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Gavi Partnership

Gavi Partnership


A New Partnership and Challenge for Lions and LCIF

measles vaccine in UgandaThe GAVI Alliance and Lions Clubs International announced a unique partnership at the Hamburg Convention that will help to protect tens of millions of children in the world’s poorest countries against measles, a highly infectious disease that kills an estimated 430 people every day, mostly in developing countries.

Under the partnership, Lions Clubs International will deploy its network of 1.35 million volunteers to raise US$30 million and to improve access to vaccines through the GAVI Alliance, a public-private partnership whose mission is to save children’s lives and protect people’s health by increasing access to immunization in the world’s poorest countries.

The funds raised by the Lions will be matched by the UK’s Department for International Development (DFID) and the Bill & Melinda Gates Foundation, bringing the total to US$60 million. The announcement was made at the Lions Clubs’ 96th annual convention in Hamburg, Germany.

“Lions Clubs International and its members are excited to continue our commitment to the fight against measles and rubella,” said Lions Clubs International Foundation Chair Wing-Kun Tam. “Through our joint efforts with GAVI and other partners, we will increase access to quality immunization services at every level – globally, nationally and locally – to benefit children in developing countries.”

Click here to watch a video from the international convention announcing the partnership.

Social mobilization boost

measles vaccines in NepalLions Clubs and GAVI will work with ministries of health in developing countries to ensure children are vaccinated against measles and rubella. Lions will also play a key role in social mobilization efforts by working work with local leaders, coordinating community-level publicity and serving as volunteers at vaccination centers. Measles kills about 160,000 people annually, mostly children under age five. GAVI provides the measles vaccine in a single shot with the vaccine against rubella (German measles).

“This new partnership will bring us another step closer to effectively tackling measles and rubella, two serious infectious diseases,” said Dr. Seth Berkley, CEO of the GAVI Alliance. “Teaming up with the vast network of Lions Clubs worldwide will allow GAVI to immunize more children with the measles-rubella vaccine, ultimately reducing the number of measles deaths and cases of Congenital Rubella Syndrome.”

Lions Clubs has committed to raising US$30 million for GAVI immunization programs by 2017, when Lions Clubs celebrates its 100th anniversary. Under the GAVI Matching Fund, the UK and Gates Foundation match contributions to GAVI from corporations, foundations, their members, customers, employees and business partners with a goal of raising US$260 million for immunization through 2015.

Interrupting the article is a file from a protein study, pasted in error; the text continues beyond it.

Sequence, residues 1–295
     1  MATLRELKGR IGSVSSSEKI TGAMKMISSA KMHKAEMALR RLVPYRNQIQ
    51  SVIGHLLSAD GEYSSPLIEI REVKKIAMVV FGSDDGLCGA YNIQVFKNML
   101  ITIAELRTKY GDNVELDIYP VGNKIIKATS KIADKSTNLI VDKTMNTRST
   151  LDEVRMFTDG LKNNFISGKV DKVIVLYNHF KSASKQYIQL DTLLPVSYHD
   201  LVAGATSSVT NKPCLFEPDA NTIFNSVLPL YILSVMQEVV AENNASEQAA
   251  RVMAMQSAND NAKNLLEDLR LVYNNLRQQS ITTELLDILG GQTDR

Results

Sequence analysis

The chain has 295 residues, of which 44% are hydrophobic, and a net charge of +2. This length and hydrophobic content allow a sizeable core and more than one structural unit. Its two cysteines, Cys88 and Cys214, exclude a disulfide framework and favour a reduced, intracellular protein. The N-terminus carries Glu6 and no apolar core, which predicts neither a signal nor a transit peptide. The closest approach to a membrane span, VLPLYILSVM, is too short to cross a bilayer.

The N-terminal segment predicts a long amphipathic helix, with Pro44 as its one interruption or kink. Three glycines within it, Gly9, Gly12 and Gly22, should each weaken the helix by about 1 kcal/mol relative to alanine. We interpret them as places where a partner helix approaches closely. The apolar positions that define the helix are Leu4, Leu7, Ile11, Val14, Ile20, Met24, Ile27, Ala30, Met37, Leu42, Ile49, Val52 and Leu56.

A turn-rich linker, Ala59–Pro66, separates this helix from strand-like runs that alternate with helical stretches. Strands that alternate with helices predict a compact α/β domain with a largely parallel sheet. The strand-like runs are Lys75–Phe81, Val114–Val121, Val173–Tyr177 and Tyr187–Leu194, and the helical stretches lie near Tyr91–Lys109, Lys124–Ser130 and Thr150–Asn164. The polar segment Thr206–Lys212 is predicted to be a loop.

“We are grateful for the continued and generous commitment of Lions Clubs International and its members to improving the health of the world’s poorest children,” said Bill Gates Sr., co-chair of the Bill & Melinda Gates Foundation. “This partnership will help us urgently reach all children, no matter where they live, with the vaccines they need.”

The partnership makes Lions Clubs the largest member of the GAVI Matching Fund, which now has secured more than US$145 million in private sector gifts and donor matches. Lions Clubs is the Matching Fund’s 10th member.

“Giving the measles vaccine to children is one of the simplest things we can do to protect them from the disease and its dreadful consequences,” said Justine Greening, the UK’s Secretary of State for International Development. “The funds raised by Lions Members and matched by the UK will mean that millions of children will lead healthier and happier lives, able to better contribute to their communities.”

Measles is a highly infectious and deadly disease, killing an estimated 430 people daily, according to the World Health Organization (WHO), by weakening the immune system, making young children vulnerable to pneumonia, blindness, diarrhea and encephalitis. But measles can be prevented with a safe and inexpensive vaccine. The measles-rubella vaccine funded by GAVI costs around 50 US cents per dose.

According to the WHO, measles deaths have been reduced by 71% since 2001. GAVI and Lions Clubs have worked with the Measles & Rubella Initiative to support campaigns that have contributed to this reduction. Recent experience shows that failure to give enough children their first dose of measles vaccination through routine immunization can result in serious outbreaks. As a result, the GAVI-Lions Clubs partnership will focus on support of routine immunization and strengthening health systems. By 2020, more than 700 million children in 49 countries are expected to be immunized against measles and rubella.

“These additional resources will help countries reach the 20 million children who have yet to receive measles vaccine, and will provide further momentum to bring us closer to eliminating measles,” said Dr. Stephen Cochi, a senior advisor on immunization at the US Centers for Disease Control and Prevention, on behalf of the Measles & Rubella Initiative.


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